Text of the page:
Before a trial court can deny a defendant’s petition to reduce a felony to a misdemeanor under Proposition 64, actual evidence to establish an unreasonable risk of danger to public safety must be presented. In September 2014, defendant pleaded guilty to felony possession of marijuana for sale. In December 2016, defendant petitioned pursuant to Proposition 64 to reduce the felony to a misdemeanor. The prosecution opposed the motion, arguing that resentencing posed an unreasonable risk of danger to public safety. The trial court denied the motion. Defendant appealed. Held: Reversed. Proposition 64 passed in November 2016. Among other things, it reduced the punishment for possession of marijuana for sale to a misdemeanor unless the offender has certain priors or the sale involved an underage person. It also added Health and Safety Code section 11361.8, which provides a mechanism for recalling and resentencing for qualified persons currently serving a sentence, unless the granting of the petition presents a risk of danger to public safety. With respect to the dangerousness finding, subdivision (b)(1) provides the types of evidence the court may consider, including the defendant’s criminal history, his disciplinary record and any other evidence the court deems relevant. These provisions clearly reflect that some type of evidence must be presented to prove dangerousness. Here, the prosecution’s opposition contained factual assertions about the defendant’s criminal history and argument, but no evidence. Nor was the trial court asked to take judicial notice of any relevant court records. Thus, no evidence supported the trial court’s denial of the petition. The matter was remanded to the trial court for further proceedings.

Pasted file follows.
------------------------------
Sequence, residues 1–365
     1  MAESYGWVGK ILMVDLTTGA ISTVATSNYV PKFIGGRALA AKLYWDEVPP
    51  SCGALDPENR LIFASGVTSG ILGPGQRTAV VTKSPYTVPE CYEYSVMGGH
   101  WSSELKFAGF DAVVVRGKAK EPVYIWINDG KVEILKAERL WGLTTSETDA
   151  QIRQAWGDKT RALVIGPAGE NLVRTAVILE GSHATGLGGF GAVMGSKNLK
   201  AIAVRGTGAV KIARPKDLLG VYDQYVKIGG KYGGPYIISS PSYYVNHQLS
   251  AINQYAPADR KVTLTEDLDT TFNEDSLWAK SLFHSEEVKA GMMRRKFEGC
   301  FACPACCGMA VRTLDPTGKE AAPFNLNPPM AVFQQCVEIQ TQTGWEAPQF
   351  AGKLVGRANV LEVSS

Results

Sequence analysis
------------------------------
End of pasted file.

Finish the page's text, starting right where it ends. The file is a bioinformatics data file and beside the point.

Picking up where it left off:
The standard of proof for a finding of dangerousness is preponderance of the evidence. Health and Safety Code section 11361.8, subdivision (b), contains a two-step procedure for a resentencing petition filed pursuant to Proposition 64. The first step requires the trial court to presume the petitioner is eligible for resentencing unless the party opposing the petition proves by clear and convincing evidence that the petitioner does not satisfy the criteria in subdivision (a). If the petitioner satisfies the criteria, the second step requires the court to grant the petition unless it determines that doing so would pose an unreasonable risk of danger to public safety. However, the second step does not contain a clear and convincing standard of proof. Under Evidence Code section 115, “[e]xcept as otherwise provided by law, the burden of proof requires proof by a preponderance of the evidence.” Thus, the second step of a Proposition 64 resentencing petition requires a preponderance of the evidence standard.
The full opinion is available on the court’s website here: http://www.courts.ca.gov/opinions/documents/C084235.PDF